There was an “AHA” moment for me. It was about 3 ½ years after my GBS (Gastric Bypass Surgery). My new baby girl was roughly a year old and I can remember very clearly coming home from a morning grocery shopping trip and realizing that after all I had been through the past two years, my standards had changed. There had been a lot of changes in how I thought about myself and my life. I hadn’t even realized how much I had changed inside but I had gained a lot of confidence in myself and my views and opinions. I, suddenly, was no longer willing to second guess myself or my decisions. I had proved myself TO MYSELF many times over in the past two years and that newfound self-trust allowed me to look inside myself in that moment and realize that I didn’t need to feel ashamed. In fact, that I had been feeling ashamed about one thing or another for the better part of 20 years. Since I was about 12yrs old and started putting weight on. The specific incident that I had been thinking about is irrelevant, I don’t even remember what it was now. But this realization that I didn’t need to live my life from a shamed perspective was HUGE.
SO MUCH SHAME!
There is a lot of shame in the obese/morbidly obese person’s life. Whether it comes from themselves, media, family, friends or, like last post, some random Walmart shopper, it’s always there. If you are overweight (even a lot overweight) and have never been made to feel shameful, that’s pretty cool and I wish I had been as strong. But most of us fat people feel ashamed a lot of the time.
Everything around us tells us we should feel bad that we aren’t fit and healthy. The media constantly tells us what we should eat – low fat, low carbs, high protein, low sugar, high complex carbs, gluten free, paleo, Atkins, plant based, etc. Most of those diets even contradict each other! And then that same, oh so helpful media shows us commercials with beautiful people – slim, tanned, happy, and sexy- eating boatloads of chips, pizza, beer, wine, ice cream, pasta, and candy!!! Never mind the doctors who, if they talk about it at all to us, give us a pamphlet on “healthy eating” and tell us to google diets and try one. Oh! And did I mention that these doctors usually are slim and healthy and have not been overweight, never mind morbidly obese!
So, because we haven’t been able to decipher all these mixed messages, not to mention our own messed up psyches and get skinny and healthy, we are shamed. It not only happens, but is even encouraged sometimes. People need some outlet, right? I mean, it’s so sad nowadays…its not ok to shame someone for the color of their skin, religion, sexual preference, gender preference, acne, learning disability, developmental delay, blindness, number of random piercings or level of geekiness….but fat? Well, Hell! THAT’S STILL FAIR GAME!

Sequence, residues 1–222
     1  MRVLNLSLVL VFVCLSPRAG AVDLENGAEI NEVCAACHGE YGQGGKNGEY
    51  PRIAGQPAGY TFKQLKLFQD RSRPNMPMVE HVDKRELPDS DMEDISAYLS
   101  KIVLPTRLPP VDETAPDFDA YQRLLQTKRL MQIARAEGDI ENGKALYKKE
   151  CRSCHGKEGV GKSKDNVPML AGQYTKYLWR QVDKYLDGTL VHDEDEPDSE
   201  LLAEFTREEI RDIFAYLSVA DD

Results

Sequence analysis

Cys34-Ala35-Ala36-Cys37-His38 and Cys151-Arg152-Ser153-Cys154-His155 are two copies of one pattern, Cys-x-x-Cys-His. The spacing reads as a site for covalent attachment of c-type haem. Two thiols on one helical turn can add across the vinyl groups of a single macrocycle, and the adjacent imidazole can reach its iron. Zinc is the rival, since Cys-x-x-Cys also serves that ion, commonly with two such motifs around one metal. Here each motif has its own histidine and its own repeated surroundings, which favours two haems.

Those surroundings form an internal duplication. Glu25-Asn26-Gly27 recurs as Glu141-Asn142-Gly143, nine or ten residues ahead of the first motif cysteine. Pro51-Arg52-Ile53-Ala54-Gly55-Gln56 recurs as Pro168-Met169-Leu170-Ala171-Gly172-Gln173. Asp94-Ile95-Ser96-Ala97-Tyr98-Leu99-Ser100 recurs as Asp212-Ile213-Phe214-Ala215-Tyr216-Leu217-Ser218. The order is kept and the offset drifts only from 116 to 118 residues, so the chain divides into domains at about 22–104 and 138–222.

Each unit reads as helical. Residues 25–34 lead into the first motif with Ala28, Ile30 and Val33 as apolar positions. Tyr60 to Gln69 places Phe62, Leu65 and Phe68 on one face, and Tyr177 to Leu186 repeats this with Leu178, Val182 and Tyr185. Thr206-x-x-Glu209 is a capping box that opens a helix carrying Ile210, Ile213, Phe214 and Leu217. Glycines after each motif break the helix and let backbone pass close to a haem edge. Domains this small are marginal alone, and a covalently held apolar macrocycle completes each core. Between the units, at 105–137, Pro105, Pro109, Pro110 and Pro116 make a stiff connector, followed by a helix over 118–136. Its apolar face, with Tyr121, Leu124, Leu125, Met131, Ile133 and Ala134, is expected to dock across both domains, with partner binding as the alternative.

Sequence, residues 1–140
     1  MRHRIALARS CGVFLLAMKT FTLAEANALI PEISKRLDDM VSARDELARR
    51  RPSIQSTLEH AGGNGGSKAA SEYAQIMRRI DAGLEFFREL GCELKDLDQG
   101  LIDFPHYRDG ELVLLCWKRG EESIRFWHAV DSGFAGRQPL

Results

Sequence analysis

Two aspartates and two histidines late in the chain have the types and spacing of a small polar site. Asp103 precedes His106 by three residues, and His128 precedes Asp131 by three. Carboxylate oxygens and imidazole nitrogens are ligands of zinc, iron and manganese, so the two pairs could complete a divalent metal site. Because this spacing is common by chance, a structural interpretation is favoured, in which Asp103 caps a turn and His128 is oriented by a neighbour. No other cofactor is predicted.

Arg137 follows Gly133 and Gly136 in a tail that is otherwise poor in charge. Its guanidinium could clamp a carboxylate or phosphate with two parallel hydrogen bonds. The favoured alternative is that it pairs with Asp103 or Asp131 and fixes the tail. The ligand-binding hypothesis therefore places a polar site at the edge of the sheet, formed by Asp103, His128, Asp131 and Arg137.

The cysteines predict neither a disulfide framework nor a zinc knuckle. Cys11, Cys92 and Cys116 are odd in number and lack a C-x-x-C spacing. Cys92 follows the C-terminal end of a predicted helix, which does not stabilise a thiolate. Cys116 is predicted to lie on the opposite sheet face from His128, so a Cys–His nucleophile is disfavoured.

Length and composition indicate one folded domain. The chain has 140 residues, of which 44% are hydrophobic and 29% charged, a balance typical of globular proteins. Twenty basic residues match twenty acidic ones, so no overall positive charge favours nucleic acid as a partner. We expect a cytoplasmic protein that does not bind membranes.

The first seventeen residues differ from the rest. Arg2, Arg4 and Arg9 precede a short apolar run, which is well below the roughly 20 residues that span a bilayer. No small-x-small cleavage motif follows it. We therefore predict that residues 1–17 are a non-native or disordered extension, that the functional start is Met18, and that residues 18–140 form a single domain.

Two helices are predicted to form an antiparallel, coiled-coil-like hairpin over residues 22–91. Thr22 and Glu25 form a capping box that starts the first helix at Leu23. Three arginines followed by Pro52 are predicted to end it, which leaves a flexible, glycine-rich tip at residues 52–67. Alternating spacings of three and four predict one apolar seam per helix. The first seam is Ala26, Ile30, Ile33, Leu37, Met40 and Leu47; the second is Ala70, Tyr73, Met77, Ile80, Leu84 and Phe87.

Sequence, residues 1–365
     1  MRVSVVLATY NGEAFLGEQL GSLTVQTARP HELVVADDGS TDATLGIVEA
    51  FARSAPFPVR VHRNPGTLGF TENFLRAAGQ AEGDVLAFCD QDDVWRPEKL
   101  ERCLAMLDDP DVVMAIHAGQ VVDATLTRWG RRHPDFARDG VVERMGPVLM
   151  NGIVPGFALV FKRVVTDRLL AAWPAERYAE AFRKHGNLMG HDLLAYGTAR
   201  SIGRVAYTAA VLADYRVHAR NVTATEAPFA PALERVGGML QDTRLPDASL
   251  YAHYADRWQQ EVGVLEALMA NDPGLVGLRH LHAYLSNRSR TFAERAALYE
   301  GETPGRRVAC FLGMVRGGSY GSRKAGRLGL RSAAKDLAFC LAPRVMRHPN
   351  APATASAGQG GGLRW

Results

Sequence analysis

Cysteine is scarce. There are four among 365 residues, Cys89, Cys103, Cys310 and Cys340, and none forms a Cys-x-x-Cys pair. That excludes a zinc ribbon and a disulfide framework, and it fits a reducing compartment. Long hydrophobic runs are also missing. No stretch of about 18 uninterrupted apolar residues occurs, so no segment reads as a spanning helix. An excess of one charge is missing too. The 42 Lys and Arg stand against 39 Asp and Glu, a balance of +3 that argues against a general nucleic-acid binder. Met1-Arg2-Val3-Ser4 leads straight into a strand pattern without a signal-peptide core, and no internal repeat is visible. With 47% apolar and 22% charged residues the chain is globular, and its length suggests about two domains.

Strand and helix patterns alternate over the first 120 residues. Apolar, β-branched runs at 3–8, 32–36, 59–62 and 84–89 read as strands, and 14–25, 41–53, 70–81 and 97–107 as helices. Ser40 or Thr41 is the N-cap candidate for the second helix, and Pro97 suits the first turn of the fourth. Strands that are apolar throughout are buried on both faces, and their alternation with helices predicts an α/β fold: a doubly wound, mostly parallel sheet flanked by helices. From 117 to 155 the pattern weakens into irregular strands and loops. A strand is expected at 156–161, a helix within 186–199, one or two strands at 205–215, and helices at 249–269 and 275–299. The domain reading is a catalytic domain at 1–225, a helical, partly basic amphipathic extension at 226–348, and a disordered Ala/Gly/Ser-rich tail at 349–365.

SO FIX IT ALREADY!
So once I had my “AHA” moment did it all just change overnight? What about when the weight started to come back on? In the movies, when a person has that moment of clarity, they experience a whole change in perspective that stays with them from then on and allows them to change everything about their life. In real life? Not so much. Because life creeps back in.
I kept seeing those same news reports on the latest and greatest diet followed by those same ridiculous commercials. Once the weight started coming back on, I still got those looks. People who knew I had the surgery would watch what I ate, or comment on how tight a shirt was getting. So even though I KNEW how much had changed on the inside and that I wasn’t ashamed anymore, I’d still find my self-talk going down that path again.
JUST CHANGE YOUR MIND…
So how do we fight that constant barrage of negative? How do we not let them shame us? It’s that self-talk. I had to train myself to stop midstream and think about all I had accomplished even if the outside world can’t see it. I still do. It’s not easy, but it is very simple. A friend of mine once said to me, “It’s simple! You have to just CHANGE YOUR MIND and not do that anymore.” (Thank you Katie!) She was right. It is simple. But it is NOT easy. It takes a lot of practice to even catch those thoughts before they spiral downward. But once you’ve had that moment where you realize you are so much more than what they can see, it gets easier to push the shame away.
Its something I have to do every day. When I have that second bowl of chips and I know I shouldn’t have had the first one, it’s easy to let myself feel ashamed. It’s hard to just let myself make a mistake and then move on with acceptance. But I know I wasn’t put here to curl up in a corner and feel ashamed! It’s what they would love for us to do because then we wouldn’t be out there challenging their views, then we would sit at home and DO NOTHING. Let’s not do that anymore.
Why do they think it’s still ok to treat obese people that way? Why, in the sooo politically correct world is it still alright to humiliate and hurt fat people? I have a few ideas on that score, so let’s press into that next time. Until then – I’m here, I see you and I know what it’s like!